What is it?
Vitamin D or calciferol is synthesized in the skin from ultraviolet-B radiation (UV-B), so sun exposure is a determining factor for the production of this vitamin in the body. However, there are disagreements in the scientific community about the classification for vitamin D, whether this would be a prohormone or a vitamin itself.
What’s vitamin D for?
For vitamin D to act in the body, it needs to be metabolized to its active form1,25(OH)2D3 or calcitriol, which will regulate the gene expression and production of numerous proteins, including calcium carriers. It also acts in the systems of differentiation and cell proliferation, besides playing an important role in the regulation of bone absorption, since it acts in the maintenance of calcium and phosphorus concentrations in the blood, increasing or reducing absorption according to the needs of the body.
How does vitamin D work?
It presents action on the immune system, since in which some lymphocytes it is possible to find receptors for it, interfering in the production of interleukins and hindering the development of autoimmune diseases. It is also possible to correlate it with improvements in diabetes, thyroid health and blood pressure regulation.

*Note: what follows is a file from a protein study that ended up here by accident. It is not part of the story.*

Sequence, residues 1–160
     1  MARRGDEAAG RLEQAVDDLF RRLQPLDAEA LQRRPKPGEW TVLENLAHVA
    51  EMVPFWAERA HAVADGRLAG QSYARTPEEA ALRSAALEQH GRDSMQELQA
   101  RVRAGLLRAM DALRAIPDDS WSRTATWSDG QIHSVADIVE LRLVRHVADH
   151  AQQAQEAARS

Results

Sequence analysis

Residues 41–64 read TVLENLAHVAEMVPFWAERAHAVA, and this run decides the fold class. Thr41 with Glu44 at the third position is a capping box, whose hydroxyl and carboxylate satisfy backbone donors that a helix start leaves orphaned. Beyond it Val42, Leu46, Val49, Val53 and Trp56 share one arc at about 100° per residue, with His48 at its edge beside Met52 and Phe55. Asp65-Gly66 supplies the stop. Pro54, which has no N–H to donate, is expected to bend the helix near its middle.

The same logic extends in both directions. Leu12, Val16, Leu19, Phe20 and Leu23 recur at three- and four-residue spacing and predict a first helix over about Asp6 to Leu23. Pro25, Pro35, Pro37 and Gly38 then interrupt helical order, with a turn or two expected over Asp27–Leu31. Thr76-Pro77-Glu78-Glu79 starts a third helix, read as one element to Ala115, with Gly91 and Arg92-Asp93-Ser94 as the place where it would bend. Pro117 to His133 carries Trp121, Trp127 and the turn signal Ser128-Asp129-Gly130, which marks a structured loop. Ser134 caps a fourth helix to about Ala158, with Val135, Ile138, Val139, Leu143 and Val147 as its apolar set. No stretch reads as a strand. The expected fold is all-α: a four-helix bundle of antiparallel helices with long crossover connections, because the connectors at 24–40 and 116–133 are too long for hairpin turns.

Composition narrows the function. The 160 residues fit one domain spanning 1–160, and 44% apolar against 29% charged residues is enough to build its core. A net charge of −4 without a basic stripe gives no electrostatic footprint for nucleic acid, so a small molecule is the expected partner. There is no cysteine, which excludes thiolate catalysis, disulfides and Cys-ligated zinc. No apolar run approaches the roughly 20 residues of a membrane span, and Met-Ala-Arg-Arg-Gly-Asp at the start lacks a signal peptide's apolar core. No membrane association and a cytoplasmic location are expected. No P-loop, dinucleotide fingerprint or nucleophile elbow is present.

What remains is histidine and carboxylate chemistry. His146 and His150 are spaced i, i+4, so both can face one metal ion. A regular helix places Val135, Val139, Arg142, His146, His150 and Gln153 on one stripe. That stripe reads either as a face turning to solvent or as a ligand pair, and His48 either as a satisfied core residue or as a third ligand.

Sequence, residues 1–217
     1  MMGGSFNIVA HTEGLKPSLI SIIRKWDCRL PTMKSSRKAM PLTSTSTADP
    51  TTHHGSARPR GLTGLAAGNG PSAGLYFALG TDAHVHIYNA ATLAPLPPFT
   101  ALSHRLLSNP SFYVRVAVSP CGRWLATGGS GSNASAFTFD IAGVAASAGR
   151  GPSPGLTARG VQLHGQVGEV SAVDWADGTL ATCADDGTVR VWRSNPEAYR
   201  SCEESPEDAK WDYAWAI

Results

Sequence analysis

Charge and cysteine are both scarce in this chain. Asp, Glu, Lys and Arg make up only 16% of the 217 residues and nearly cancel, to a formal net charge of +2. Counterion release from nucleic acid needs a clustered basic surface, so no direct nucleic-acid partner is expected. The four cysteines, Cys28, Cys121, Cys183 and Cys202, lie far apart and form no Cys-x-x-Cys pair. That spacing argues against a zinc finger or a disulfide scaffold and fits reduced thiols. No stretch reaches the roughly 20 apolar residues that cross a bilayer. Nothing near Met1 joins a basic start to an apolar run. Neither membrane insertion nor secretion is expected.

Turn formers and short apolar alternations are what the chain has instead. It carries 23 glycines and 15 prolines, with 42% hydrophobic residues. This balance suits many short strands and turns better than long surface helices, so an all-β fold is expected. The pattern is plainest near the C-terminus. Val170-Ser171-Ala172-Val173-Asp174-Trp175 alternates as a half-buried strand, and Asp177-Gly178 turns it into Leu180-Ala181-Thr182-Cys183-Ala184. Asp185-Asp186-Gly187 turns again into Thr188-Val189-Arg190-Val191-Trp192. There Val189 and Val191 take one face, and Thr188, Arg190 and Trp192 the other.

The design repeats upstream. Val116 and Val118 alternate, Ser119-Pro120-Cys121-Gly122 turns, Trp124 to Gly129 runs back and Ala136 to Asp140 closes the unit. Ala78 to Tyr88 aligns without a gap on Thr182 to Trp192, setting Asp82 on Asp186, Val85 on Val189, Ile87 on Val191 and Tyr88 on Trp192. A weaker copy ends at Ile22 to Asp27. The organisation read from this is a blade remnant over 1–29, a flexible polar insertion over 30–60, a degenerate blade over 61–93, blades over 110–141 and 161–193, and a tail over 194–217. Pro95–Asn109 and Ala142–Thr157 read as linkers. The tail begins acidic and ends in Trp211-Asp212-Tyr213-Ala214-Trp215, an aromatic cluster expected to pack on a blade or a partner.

When do you need to supplement?
In addition to the production by exposure to sunlight, vitamin D can be found in food sources such as milk derivatives, fish liver oil, eggs (mainly in yolk) and enriched margarines. However, with the increasingly frequent use of sunscreen, low sun exposure associated with the modern lifestyle and low consumption of source foods, the nutritional deficiency of this vitamin in the population is increasing. Therefore, in the context of deficiency supplementation is indicated in doses expressed in IU (international units) and can be prescribed by nutritionist and physicians who may indicate high doses depending on the severity of the case. However, it is necessary to be noted that the nutritionist can prescribe up to 4,000 IU.
Reich, K. M., Fedorak, R. N., Madsen, K., & Kroeker, K. I. (2014). Vitamin D improves inflammatory bowel disease outcomes: basic science and clinical review.
World journal of gastroenterology
(17), 4934–4947. httpsDoi.org/10.3748/wjg.v20.i17.4934
What is the protocol for treating vitamin D deficiency?